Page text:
Promotion Mix

Here are some things to keep in mind:

Advertising.

Reaches large, geographically dispersed audiences, often with high frequency; Low cost per exposure, though overall costs are high; Consumers perceive advertised goods as more legitimate; Dramatizes company/brand; Builds brand image; may stimulate short-term sales; Impersonal, one-way communication; Expensive

Personal Selling

Most effective tool for building buyers’ preferences, convictions, and actions; Personal interaction allows for feedback and adjustments; Relationship-oriented; Buyers are more attentive; Sales force represents a long-term commitment; Most expensive of the promotional tools

Sales Promotion.

May be targeted at the trade or ultimate consumer; Makes use of a variety of formats: premiums, coupons, contests, etc.; Attracts attention, offers strong purchase incentives, dramatizes offers, boosts sagging sales; Stimulates quick response; Short-lived; Not effective at building long-term brand preferences

Public Relation.

Highly credible; Very believable; Many forms: news stories, news features, events and sponsorships, etc.; Reaches many prospects missed via other forms of promotion; Dramatizes company or product; Often the most under used element in the promotional mix; Relatively inexpensive (certainly not ‘free’ as many people think–there are costs involved)

Direct Marketing.

Many forms: Telephone marketing, direct mail, online marketing, etc.; Four distinctive characteristics: Nonpublic, Immediate, Customized, Interactive; Well-suited to highly-targeted marketing efforts

Source : http://www.davedolak.com/promix.htm

Men were from Mars, Women from Venus…

The gender game is a subtle but powerful one. The fundamental difference between the sexes has been the subject of much debate, research and humour.

The opportunities to capitalise on a real understanding of the psyche of the consumer in all its richness are great – including gender differences. But it is dangerous territory. No one can afford to play the gender game and lose.

Today, I’d like to talk about segmentation.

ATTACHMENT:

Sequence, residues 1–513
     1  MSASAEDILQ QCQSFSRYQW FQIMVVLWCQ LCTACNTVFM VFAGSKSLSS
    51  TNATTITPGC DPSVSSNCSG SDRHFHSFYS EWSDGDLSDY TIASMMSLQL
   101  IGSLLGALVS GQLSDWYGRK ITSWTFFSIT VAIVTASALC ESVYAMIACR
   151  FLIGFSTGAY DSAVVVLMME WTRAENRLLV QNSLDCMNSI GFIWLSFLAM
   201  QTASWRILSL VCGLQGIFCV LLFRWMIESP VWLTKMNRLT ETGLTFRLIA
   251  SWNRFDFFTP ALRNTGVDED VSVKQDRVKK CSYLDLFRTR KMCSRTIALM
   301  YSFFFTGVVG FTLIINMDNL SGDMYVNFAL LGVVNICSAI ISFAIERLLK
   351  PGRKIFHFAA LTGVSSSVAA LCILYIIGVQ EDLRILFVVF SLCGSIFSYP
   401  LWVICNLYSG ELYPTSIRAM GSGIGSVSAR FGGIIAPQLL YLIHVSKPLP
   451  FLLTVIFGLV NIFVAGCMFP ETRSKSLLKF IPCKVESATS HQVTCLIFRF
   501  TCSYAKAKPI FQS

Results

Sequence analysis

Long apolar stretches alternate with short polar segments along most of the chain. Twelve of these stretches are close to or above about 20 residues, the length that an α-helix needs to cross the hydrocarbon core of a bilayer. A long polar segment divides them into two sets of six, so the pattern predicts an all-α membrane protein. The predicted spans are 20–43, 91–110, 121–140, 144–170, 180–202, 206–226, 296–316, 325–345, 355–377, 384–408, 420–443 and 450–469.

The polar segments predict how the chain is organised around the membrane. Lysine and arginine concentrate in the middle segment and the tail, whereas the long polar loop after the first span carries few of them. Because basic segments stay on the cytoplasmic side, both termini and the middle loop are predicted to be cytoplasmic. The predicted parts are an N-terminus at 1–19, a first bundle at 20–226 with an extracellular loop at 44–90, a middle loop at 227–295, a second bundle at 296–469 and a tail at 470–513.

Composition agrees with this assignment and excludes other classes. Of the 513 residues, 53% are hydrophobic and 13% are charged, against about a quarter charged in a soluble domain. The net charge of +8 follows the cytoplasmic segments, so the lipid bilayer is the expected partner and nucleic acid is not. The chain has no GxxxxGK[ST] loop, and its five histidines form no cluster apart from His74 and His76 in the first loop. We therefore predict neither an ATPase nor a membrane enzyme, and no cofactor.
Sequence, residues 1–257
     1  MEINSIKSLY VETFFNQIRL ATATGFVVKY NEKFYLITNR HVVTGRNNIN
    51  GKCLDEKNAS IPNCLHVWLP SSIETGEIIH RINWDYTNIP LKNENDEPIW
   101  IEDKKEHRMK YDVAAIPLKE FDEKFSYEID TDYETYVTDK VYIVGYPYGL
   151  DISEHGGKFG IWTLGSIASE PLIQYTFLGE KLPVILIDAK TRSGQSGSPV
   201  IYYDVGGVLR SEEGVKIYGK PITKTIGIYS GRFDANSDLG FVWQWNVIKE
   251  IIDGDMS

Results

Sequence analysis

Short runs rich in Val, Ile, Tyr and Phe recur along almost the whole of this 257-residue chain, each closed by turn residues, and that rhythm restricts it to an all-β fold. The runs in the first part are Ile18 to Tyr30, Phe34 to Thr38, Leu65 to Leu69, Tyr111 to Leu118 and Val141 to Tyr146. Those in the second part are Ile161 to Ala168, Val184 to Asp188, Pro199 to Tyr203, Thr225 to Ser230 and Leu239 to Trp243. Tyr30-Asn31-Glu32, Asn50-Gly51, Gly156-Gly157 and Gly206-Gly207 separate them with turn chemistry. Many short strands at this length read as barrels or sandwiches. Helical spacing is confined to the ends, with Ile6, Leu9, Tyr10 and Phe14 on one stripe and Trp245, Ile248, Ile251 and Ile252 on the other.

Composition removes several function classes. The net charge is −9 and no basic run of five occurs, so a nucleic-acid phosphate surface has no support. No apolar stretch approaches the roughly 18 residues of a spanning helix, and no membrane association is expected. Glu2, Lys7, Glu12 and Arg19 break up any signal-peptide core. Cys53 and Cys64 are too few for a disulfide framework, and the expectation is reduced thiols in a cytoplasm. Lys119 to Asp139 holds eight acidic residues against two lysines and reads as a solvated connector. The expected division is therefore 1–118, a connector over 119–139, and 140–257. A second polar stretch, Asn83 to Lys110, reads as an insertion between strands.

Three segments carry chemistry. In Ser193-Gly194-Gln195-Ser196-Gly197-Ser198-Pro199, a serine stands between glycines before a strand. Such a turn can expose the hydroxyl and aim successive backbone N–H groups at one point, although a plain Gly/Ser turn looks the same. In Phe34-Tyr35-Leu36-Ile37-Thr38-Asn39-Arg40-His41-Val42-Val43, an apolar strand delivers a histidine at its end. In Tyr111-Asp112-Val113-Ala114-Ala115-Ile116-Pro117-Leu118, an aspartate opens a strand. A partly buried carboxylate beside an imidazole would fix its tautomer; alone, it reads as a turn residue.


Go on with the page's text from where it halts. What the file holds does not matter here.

We all engage in ‘segmentation’ – when we meet someone for the first time, we segment – male or female? Old or young? It helps us orientate ourselves and build expectations until we know more…

If you are told your new boss’s name is Joe. What’s your first question? Is there an ‘e’? Is it a male or female? Of course, once you get to know and work with your new boss, other issues will become much more important – is he/she focused on cost cutting or growth? Is he/she a ‘big picture’ kind of person – or is it all about the detail? Does he/she value your unique contribution or see you as a threat, or part of the old guard? These deeper issues very quickly become much more important than gender.

Of course, how you deal with the issues, and your new boss, will continue to be ‘nuanced’ by gender – yours and his or hers.

However, the real gender debate is more dynamic and more fundamental. It is rooted in society’s needs, wants and expectations. At Roy Morgan Research we’ve been studying these things for years. In the 1940s, Roy Morgan asked questions about equal pay for men and women, whether women should be allowed to wear shorts in the street, and the age at which girls should be allowed to wear lipstick. The questions tell us as much about society at that time as the answers do. Some things change …. So let’s look briefly at some trends.

The last 20 years or so have seen dramatic changes in gender roles – more women in the workforce, in senior decision-making positions, more two-income families, shared household, family and child-rearing responsibilities, more sole parent families both male and female.

The weekly shop is on the decline and more people are shopping every day, and men are enjoying grocery shopping (at least the increasing number of grocery-buying men). So are women. It is not that men are becoming ‘home’ conscious or nesting (their magazine habits tell us that), it is that they are more interested in food.

source :http://www.roymorgan.com/resources/papers/marsvenus/

Marketing Matrix?

A Marketing Matrix is essentially a plot on a two-dimensional plane according to how well they meet customers’ key requirements.

You can do this by drawing two lines in the form of a cross. These two lines represent a continuum of bad to good performance for two benefits or attributes that are the most important in an industry.
For example, take computers. If the two most important things to customers are “performance” and “price” then, put the word “performance” at the top of, say, the vertical line and put the word “price” to the right of the horizontal line.

High performing computers would be plotted at the top of the vertical line, and low performing computers at the bottom of the vertical line.

Now, for each computer in the market you would plot where that computer fits on the performance line (compared to other computers) and on the price line.